ANGOLA — While Indiana may be open under the state’s Back on Track program, many Hoosiers could still be hunkered down through this season’s first winter storm during the height of the COVID-19 pandemic, which might make it less worrisome should there be travel issues with hazardous weather.
And now that we’re just weeks into fall, the long-range forecasters at AccuWeather, which supplies weather information to KPC Media Group, has released its predictions for the winter months.
Accuweather’s team of long-range forecasters, , led by Senior Meteorologist Paul Pastelok, has been analyzing global weather patterns and various weather models to project what conditions will unfold across the lower 48 United States this winter, which arrives on Dec. 21. Much of the time the setup will be driven by one key factor: La Niña.
La Niña is a phenomenon in which the surface water near the equator of the Pacific Ocean is cooler than normal, the opposite of El Niño when the water in the equatorial Pacific is in a warm phase. This change in the water temperature can have a major influence on the weather patterns all around the globe. La Niña officially developed by early September and is forecast to continue through the winter months.
The ongoing La Niña is projected to bring weather conditions similar to what meteorologists expect across the country during a typical La Niña pattern, but there may be a few subtle differences, Pastelok said.
The winter of 2019-2020 was tame, and forecasts look like the Great Lakes area will be 1-2 degrees warmer than normal.
“Another overall mild winter is possible for much of the eastern U.S.,” Pastelok said, referring how temperatures will compare to the 30-year averages in many places.
However, the entire season will not be mild all the way through. Instead, the season will be bookended by cold and snowy conditions with a pause in the wintry weather in the middle of the season.
“An early season chill is expected in the Great Lakes, Ohio Valley into the Northeast,” Pastelok said.
The first waves of chilly Arctic air will set off rounds of lake-effect snow downwind of the Great Lakes, as well as bring opportunities for snow in some of the bigger cities across the region heading into the holiday season.
After the calendar flips to 2021, Old Man Winter will eventually loosen his grip on the region.
“A big turn” is expected around the middle of the season as temperatures are predicted to rise and snowfall should decrease, Pastelok said, due in part to the strength and positioning of the polar vortex. More on that later.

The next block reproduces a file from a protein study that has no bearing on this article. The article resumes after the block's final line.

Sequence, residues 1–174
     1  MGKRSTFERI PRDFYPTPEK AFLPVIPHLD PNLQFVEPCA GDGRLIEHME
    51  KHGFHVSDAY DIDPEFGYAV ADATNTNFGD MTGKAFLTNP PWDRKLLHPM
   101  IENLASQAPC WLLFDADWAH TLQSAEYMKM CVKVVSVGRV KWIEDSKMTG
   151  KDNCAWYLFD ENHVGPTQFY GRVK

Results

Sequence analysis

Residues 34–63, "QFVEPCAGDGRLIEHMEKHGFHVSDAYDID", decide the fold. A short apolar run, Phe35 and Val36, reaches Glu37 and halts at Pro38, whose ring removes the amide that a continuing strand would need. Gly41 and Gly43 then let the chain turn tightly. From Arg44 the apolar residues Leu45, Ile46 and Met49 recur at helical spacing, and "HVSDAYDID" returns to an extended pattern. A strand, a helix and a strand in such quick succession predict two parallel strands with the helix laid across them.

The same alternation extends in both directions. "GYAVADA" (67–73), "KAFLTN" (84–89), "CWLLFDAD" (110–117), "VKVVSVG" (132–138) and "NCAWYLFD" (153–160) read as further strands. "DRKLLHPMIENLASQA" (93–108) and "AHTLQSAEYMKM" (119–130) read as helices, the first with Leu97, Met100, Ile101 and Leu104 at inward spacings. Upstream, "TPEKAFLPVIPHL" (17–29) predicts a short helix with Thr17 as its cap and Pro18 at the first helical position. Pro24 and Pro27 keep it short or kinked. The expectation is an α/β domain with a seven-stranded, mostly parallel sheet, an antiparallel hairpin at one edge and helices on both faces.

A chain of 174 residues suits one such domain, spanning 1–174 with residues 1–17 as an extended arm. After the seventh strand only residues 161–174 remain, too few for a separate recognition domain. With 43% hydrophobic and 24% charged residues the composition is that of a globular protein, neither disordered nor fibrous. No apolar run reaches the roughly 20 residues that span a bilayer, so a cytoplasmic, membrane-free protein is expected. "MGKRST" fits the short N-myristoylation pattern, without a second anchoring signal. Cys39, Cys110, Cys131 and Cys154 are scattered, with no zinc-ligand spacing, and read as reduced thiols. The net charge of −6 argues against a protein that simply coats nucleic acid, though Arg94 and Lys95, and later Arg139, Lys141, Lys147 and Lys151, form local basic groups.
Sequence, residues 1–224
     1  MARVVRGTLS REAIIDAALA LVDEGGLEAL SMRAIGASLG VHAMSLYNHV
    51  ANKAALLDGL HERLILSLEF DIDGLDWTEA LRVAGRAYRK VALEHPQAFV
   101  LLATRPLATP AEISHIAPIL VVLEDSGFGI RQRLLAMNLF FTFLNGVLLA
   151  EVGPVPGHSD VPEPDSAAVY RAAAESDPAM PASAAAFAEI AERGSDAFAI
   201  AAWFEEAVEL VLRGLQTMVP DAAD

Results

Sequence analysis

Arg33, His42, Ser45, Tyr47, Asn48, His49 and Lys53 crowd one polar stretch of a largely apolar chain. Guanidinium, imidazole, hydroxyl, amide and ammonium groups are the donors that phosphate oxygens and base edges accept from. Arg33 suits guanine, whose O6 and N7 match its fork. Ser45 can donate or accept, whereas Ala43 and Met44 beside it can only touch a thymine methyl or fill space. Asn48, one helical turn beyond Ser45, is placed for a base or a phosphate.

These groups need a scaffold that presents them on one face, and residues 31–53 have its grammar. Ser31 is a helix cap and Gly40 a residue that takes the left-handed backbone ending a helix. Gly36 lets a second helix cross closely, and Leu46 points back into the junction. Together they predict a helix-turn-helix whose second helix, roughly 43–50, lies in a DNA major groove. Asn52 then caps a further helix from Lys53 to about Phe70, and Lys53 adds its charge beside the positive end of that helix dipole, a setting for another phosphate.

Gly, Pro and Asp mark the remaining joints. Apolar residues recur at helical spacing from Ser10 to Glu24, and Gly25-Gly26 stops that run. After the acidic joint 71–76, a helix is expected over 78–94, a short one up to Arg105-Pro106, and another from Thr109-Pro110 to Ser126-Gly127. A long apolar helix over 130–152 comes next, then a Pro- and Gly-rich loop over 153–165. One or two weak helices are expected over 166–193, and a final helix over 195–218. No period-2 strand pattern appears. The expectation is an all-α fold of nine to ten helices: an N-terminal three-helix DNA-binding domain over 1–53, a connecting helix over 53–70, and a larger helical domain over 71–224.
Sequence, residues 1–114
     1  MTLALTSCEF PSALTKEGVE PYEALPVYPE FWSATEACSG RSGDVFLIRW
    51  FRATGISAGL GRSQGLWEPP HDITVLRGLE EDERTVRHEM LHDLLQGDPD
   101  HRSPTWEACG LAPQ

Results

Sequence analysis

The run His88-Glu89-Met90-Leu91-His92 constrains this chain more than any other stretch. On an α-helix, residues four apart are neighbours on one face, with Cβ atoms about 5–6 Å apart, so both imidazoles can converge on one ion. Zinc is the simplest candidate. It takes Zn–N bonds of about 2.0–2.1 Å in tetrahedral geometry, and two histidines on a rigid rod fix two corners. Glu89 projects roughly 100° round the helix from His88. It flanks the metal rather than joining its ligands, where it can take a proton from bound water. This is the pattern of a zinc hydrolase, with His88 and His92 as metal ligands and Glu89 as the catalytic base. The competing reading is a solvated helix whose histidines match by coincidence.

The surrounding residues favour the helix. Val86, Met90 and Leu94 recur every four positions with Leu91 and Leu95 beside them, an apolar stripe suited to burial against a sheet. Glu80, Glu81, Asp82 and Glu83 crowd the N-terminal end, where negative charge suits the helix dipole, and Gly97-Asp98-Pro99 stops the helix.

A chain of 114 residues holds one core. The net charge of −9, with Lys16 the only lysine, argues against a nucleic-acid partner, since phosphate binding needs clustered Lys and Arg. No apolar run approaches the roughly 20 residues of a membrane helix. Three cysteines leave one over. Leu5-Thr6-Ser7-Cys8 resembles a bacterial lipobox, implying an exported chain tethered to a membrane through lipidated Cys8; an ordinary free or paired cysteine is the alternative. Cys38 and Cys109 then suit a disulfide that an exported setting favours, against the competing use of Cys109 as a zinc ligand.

But as the Northeast sees a break in the cold and snow, folks across the Great Lakes and Midwest will want to brace for some bitter spells of wintry weather.
There will be a favorable storm track mid-season for the Midwest and Great Lakes, leading to above-normal precipitation and a few heavy snowfall events, Pastelok explained.
Even with the potential for some big snow events, the season as a whole is forecast to finish with near- to- below-average snowfall for much of the Northeast and Ohio Valley. In contrast, the Upper Midwest could pick up near- to above-normal snowfall.
What about the polar vortex?
Earlier this year, the polar vortex dipped down over northeastern Canada in April, causing Easter in many parts of the U.S. to look more like Christmas. What’s in store for the dreaded weather maker this coming winter?
“We expect the polar vortex to strengthen again in the middle of the season this year,” Pastolek said, explaining that a strong polar vortex means the brutally cold Arctic air associated with it remains locked in place over the North Pole region. He said, however, that the strengthening will “probably not be as strong and won’t hold on as long as last year over the pole.”
But if the polar vortex holds strong, that could spell milder conditions for a significant stretch across parts of the Eastern Seaboard, at least for part of the season. “A strong polar vortex around the pole mid-season would lead to a possible January thaw that could linger into February for the East,” Pastelok said, expanding on what would drive the warmup for parts of the Northeast. “We are uncertain whether the vortex will play a role in the early cold shots in December, but it could have a brief role later in February or March.”